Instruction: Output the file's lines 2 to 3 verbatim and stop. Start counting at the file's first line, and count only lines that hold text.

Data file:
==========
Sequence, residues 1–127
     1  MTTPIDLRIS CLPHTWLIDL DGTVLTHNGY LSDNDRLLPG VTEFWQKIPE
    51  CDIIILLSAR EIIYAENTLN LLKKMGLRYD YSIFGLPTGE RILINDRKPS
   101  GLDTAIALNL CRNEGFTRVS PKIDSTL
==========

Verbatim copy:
     1  MTTPIDLRIS CLPHTWLIDL DGTVLTHNGY LSDNDRLLPG VTEFWQKIPE
    51  CDIIILLSAR EIIYAENTLN LLKKMGLRYD YSIFGLPTGE RILINDRKPS